Industry Analysis Definition• A market assessment tool designed to provide a business with an idea of the complexity of a particular industry. Industry analysis involves reviewing the economic, political and market factors that influence the way the industry develops. Major factors can include the power wielded by suppliers and buyers, the condition of competitors, and the likelihood of new market entrants.
Components of Industry Analysis• The purpose of industry analysis is to identify which industries will be good for investors in the upcoming environment.• Your textbook has an excellent discussion of 9 issues that should be addressed: – Competitive Structure – Permanence – Phase of Life Cycle – Vulnerability to External Shocks – Regulatory and Tax Conditions
Components of Industry Analysis continued– Labor Conditions– Historical Financial Performance– Financial and Financing Issues– Industry Stock Price Valuation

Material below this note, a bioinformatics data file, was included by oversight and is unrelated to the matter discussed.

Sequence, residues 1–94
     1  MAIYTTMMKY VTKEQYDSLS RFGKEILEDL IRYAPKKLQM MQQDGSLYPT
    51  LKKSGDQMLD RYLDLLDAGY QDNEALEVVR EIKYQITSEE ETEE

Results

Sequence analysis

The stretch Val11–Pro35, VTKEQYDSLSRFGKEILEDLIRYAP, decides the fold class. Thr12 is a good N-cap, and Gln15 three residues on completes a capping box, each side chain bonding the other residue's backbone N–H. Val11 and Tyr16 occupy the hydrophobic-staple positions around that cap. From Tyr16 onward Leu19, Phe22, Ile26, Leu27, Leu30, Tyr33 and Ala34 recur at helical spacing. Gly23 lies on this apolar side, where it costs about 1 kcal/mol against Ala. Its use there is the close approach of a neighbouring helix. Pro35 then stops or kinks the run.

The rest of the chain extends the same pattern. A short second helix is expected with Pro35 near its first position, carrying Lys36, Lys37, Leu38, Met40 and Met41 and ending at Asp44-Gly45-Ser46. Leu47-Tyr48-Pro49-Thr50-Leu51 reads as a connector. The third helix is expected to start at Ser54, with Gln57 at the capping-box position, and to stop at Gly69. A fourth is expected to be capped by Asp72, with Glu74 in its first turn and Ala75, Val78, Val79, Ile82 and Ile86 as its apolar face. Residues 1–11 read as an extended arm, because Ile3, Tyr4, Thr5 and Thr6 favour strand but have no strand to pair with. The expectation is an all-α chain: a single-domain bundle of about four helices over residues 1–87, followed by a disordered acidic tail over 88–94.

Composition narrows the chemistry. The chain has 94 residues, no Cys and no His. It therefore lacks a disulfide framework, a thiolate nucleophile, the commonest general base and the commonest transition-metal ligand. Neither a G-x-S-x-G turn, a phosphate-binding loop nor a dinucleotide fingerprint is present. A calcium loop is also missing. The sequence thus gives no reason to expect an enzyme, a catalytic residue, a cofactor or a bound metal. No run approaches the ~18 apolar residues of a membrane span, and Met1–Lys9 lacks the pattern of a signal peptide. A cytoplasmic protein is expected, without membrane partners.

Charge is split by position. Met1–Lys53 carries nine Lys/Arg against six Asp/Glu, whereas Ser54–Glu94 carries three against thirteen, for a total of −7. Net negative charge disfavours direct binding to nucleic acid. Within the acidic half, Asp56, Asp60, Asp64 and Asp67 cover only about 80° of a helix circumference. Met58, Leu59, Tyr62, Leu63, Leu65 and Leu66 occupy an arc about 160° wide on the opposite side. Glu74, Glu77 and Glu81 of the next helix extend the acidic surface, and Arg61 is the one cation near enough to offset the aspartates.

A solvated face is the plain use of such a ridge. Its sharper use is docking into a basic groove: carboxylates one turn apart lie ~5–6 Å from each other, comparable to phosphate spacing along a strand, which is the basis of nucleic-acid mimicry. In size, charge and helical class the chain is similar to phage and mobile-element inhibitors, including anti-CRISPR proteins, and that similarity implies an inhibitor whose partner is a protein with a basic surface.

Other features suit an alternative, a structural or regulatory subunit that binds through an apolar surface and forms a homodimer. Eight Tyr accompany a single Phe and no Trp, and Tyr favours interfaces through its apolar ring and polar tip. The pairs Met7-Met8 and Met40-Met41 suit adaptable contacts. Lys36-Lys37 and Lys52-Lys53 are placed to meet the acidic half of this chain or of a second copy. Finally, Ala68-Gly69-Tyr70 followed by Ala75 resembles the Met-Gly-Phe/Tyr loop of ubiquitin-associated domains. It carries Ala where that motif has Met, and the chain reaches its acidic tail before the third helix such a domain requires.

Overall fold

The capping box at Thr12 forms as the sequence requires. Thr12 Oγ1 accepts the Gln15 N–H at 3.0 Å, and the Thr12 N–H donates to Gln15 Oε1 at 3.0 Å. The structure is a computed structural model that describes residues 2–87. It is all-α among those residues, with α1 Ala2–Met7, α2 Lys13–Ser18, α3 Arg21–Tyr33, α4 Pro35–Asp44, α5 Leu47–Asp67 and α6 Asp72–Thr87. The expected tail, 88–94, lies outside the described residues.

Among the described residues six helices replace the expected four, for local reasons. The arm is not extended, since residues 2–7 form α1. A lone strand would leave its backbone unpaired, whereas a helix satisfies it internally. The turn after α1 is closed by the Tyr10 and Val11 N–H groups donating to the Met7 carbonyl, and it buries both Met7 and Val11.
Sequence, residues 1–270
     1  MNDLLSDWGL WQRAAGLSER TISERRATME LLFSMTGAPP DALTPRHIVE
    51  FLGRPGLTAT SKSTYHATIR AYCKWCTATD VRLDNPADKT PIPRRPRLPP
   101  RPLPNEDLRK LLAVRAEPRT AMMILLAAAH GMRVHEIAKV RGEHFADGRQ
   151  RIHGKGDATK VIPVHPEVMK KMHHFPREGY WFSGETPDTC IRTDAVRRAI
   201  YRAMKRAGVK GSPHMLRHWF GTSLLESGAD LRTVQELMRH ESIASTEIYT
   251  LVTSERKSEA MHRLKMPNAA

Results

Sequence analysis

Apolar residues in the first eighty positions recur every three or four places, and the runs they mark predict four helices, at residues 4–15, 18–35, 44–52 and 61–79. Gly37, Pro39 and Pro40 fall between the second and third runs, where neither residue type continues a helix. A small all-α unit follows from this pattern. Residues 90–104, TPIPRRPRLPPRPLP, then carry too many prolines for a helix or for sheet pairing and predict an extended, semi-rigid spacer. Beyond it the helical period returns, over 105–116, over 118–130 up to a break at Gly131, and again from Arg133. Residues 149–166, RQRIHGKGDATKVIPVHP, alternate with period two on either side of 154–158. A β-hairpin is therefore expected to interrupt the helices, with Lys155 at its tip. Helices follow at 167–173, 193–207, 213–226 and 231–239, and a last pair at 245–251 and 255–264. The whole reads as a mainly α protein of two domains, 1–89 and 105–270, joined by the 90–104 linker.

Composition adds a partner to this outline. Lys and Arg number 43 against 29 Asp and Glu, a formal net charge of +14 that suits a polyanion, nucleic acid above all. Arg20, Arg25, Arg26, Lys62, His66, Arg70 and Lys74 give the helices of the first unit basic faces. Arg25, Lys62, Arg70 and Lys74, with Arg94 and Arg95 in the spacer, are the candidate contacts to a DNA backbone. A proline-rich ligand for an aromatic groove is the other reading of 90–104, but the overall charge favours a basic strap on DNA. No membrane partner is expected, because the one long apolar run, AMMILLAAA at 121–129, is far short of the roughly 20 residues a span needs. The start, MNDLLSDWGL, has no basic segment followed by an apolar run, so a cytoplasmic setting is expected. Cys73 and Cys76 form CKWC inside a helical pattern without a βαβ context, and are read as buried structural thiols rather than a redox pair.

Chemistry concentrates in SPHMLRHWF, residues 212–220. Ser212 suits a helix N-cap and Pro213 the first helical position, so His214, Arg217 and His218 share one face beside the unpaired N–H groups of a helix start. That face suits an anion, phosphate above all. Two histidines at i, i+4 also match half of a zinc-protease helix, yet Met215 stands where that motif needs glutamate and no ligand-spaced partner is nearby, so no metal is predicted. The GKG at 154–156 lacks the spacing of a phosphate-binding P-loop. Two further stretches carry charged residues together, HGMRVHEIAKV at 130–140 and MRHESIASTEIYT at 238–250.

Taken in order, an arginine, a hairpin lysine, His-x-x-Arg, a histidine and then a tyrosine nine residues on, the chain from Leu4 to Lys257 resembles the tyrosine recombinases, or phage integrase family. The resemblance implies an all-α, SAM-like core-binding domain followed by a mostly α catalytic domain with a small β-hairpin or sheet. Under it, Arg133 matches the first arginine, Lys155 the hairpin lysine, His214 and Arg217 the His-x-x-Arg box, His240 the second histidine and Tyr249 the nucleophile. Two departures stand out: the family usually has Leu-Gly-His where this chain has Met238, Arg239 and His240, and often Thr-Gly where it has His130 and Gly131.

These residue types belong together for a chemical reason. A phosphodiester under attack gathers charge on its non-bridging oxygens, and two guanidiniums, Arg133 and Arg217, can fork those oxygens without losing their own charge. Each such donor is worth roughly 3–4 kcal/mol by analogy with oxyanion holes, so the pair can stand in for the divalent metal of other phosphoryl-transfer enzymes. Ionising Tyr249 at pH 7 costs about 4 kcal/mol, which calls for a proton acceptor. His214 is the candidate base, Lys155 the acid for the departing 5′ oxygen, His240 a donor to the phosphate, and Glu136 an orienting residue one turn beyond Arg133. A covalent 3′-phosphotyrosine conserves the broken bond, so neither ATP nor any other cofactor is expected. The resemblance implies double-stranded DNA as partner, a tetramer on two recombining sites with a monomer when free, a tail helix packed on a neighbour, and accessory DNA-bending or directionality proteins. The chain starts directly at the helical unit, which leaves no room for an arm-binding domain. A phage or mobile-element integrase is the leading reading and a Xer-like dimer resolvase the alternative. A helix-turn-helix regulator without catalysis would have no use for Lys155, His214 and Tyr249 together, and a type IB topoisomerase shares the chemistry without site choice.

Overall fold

Competitive Structure• Some of the questions to be answered are: – What companies are in the industry? – What are their market shares? – Which are publicly traded? – Has the number of competitors been rising, fallen, or remained stable?
Permanence• Some of the questions to be answered are: – Is the industry likely to survive in the long-run? – Are there any major technological threats (such as laser printer was to the dot matrix printer)? – Are there regulatory threats?
Phase of Life Cycle• Some of the questions to be answered are: – Where is the industry in its life cycle? The best returns and most risk tend to occur early in the cycle. – The possible phases are: • Birth Phase • Growth Phase • Mature Growth Phase • Stabilization or Decline Phase